Pacific Crest Trail hikers increase through South Lake Tahoe |

Pacific Crest Trail hikers increase through South Lake Tahoe

Jack Barnwell
Pacific Crest Trail hikers "Groucho" (rear) and "Harpo" Miau scan a row of portraits on the wall at Lake of the Sky Outfitters on Sept. 3 in South Lake Tahoe. The shop keeps track of hikers with portraits that are shared via Facebook.
Jack Barnwell / Tahoe Daily Tribune |

SOUTH LAKE TAHOE — The number of Pacific Crest Trail hikers passing through the South Shore is increasing. A section of the well-known hike runs through Lake Tahoe Basin, including the trailhead at Echo Summit west of South Lake Tahoe. It runs through mountain, forest and desert terrains, and it challenges even experienced hikers.

Pete and Nancy Hussmann, owners of Lake of the Sky Outfitters, counted more than 677 hikers who signed the shop’s trail log in 2015. The business is located on Emerald Bay Road, and hikers are taken there by “trail angels,” volunteers who ferry people back and forth from trailheads. Lake of the Sky Outfitters acts as a waystop for hikers coming into town.

The Hussmanns also keep track of the hikers with portraits that they post on Facebook. Stamp-sized photos of the latest Pacific Crest Trail travelers adorn the wall next to the shop’s changing room.

“It’s just a way to make them feel welcome and have their moment to shine,” Nancy Hussmann said.

She added that posting photos is a great way for hikers to track their fellow Pacific Crest hikers, judge who’s come before them, or see if others they’ve met have passed through town.

The Pacific Crest Trail Association issued 1,042 through-hiking permits in 2013 and 1,468 in 2014. Of those in 2014, 425 people completed the hike, up from 258 in 2013. The increase is thought to be caused by early snowfall.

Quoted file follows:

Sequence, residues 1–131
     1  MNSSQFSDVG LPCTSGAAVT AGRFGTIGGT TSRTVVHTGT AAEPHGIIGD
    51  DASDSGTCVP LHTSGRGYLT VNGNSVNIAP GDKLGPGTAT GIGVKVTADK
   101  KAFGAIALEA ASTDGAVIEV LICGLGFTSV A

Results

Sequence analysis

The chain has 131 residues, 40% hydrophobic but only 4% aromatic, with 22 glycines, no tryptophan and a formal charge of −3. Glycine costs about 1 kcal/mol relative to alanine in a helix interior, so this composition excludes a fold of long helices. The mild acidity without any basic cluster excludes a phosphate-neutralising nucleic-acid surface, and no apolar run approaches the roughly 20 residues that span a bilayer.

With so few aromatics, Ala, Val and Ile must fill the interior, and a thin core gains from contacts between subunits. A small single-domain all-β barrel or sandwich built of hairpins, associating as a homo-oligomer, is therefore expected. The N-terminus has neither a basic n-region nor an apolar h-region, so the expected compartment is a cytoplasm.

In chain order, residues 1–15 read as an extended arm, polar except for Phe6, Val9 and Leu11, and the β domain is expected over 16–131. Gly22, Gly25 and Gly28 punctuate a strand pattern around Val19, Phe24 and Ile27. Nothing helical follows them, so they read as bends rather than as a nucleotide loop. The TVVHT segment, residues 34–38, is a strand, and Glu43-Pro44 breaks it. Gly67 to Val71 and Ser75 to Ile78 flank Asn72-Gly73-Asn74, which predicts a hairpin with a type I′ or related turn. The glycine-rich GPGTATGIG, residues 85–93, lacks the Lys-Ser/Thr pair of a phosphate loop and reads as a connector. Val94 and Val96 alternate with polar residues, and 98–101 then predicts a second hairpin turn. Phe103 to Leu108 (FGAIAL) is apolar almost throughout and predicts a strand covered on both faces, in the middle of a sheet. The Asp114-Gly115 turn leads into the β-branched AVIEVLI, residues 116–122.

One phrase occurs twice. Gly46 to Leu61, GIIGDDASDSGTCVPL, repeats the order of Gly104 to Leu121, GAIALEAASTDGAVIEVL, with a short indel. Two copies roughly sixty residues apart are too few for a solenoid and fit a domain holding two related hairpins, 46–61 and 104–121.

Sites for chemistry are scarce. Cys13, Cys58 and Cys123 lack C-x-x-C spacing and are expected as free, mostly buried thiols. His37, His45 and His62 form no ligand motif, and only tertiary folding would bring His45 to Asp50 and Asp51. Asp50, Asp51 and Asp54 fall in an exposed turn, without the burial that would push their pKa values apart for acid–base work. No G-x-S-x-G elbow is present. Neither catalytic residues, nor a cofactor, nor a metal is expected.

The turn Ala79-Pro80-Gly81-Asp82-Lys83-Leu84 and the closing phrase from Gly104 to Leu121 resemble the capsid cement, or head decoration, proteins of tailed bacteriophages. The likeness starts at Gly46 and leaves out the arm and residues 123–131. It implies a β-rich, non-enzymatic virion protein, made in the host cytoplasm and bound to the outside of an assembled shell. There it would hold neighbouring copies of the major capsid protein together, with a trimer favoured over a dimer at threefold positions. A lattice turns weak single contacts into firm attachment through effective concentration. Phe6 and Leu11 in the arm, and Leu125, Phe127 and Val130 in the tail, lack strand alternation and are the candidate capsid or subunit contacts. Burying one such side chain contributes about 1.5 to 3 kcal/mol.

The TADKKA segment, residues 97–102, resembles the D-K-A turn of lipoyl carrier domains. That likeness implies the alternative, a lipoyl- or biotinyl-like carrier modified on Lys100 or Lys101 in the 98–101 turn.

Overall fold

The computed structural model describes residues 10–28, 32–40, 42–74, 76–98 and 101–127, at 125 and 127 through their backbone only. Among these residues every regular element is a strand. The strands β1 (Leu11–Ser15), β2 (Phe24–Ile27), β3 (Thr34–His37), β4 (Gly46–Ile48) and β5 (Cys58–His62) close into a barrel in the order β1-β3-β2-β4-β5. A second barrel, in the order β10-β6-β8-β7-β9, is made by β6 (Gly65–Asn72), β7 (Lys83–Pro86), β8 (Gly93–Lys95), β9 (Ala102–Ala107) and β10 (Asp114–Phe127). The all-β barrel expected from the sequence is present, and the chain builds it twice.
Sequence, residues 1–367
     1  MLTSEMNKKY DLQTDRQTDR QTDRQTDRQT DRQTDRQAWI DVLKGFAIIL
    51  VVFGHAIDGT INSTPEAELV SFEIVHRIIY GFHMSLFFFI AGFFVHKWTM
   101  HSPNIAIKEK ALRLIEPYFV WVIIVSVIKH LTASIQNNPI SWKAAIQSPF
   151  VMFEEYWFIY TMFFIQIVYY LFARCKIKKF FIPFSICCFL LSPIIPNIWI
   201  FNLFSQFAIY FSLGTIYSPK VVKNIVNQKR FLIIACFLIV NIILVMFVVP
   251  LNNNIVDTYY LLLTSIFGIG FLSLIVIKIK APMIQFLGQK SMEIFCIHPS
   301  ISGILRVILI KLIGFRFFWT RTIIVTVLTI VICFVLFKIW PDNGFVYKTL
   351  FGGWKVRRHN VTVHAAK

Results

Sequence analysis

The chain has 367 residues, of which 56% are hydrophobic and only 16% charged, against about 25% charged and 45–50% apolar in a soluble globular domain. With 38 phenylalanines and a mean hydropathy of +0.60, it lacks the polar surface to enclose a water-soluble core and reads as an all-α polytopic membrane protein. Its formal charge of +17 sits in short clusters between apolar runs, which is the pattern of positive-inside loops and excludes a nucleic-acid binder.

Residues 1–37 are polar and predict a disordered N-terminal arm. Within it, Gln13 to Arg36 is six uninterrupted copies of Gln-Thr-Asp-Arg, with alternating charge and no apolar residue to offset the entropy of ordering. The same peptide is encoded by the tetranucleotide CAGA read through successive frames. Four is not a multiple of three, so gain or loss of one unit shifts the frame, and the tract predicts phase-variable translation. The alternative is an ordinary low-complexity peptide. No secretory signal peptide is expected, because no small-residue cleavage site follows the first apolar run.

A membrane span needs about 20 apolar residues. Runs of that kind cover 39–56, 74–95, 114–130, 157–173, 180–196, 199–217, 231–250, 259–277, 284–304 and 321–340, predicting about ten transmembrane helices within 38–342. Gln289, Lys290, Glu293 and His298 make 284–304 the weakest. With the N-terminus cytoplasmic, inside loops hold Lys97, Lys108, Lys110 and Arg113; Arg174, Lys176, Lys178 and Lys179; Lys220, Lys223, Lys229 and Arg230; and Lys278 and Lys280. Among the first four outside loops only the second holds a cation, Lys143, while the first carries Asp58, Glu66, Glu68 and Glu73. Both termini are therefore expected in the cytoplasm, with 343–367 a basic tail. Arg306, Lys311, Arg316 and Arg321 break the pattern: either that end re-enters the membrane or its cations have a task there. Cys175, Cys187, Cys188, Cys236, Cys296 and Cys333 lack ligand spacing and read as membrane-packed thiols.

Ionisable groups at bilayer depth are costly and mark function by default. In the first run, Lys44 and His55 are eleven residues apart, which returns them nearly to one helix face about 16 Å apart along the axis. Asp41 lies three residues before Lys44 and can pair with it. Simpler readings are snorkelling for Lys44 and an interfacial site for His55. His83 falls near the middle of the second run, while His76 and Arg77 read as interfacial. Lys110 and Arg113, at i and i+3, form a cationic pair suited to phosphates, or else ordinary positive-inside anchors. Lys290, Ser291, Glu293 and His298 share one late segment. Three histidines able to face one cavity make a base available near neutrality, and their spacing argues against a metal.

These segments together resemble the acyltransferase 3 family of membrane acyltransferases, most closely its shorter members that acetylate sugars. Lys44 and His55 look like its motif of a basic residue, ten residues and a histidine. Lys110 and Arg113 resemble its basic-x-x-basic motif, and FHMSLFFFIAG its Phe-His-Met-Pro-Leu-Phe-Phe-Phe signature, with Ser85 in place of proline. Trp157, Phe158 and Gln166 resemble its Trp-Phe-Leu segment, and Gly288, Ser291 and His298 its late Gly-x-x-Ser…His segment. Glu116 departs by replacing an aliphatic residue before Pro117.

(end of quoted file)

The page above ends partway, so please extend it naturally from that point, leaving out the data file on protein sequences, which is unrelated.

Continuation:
In 2006, only 300 people attempted the complete hike.


The Hussmanns opened Lake of the Sky Outfitters in 2009. An avid hiker and gear-lover, Pete said it was his dream.

In addition to its normal retail operations, the shop provides a back room for hikers passing through to cool their heels for a few hours and download photos to a computer.

According to the Hussmanns, approximately 1,400 people attempted the complete Pacific Crest Trail hike last year. This year, he said, it spiked to 1,600 based on trail permit data.

South Tahoe resident Leilani Connolly noticed an uptick in hikers as well. She helps ferry folks back and forth from the trailhead at Echo Summit.

“It’s certainly been a busy season,” she said, with eight hikers ferried just in the last few days.

Connolly and her husband, Mike, serve as “trail angels,” transporting hikers and helping with supplies. A few even provide free lodging for a night.

“It’s been absolutely delightful. The hikers are so polite and grateful that they have people to drive them to and from the trailheads,” Connolly said.

Most hikers she ferried have been young people coming from across the U.S. and other countries, in no small part because of the movie/book “Wild.”

“Wild” was written by Cheryl Strayed and depicted her soul-searching 1,110-mile hike along the trail in 1995 at the age of 26. Strayed’s book was later adapted for a 2014 critically acclaimed film staring Reese Witherspoon.

“It made the trail more known,” Connolly said of the movie. “And it looked like a good idea to do it this year because there wasn’t much snow.”

Two Pacific Crest Trail hikers — “Groucho” and “Harpo” Miau — visited Lake of the Sky Outfitters on Thursday, Sept. 3. On their way to the Mellow Mountain Hostel on Cedar Avenue, they said they haven’t read the book or seen the movie yet.

“Groucho” and “Harpo” began hiking the trail in June from the U.S.-Canada border in Washington. Their trail names pay homage to the Marx brothers, a classic comedy legend.

“We’ve been spending the last few years searching for the ‘true America’ outside of the commercialism and celebrities,” said Groucho. “Traveling the Pacific Crest Trail has allowed us to meet smalltown people and visit small businesses.”

Pete Hussmann has a lot of respect for hikers making the journey.

“You have to really love what you’re doing, and there are some people who are changed when they’re done,” he said.

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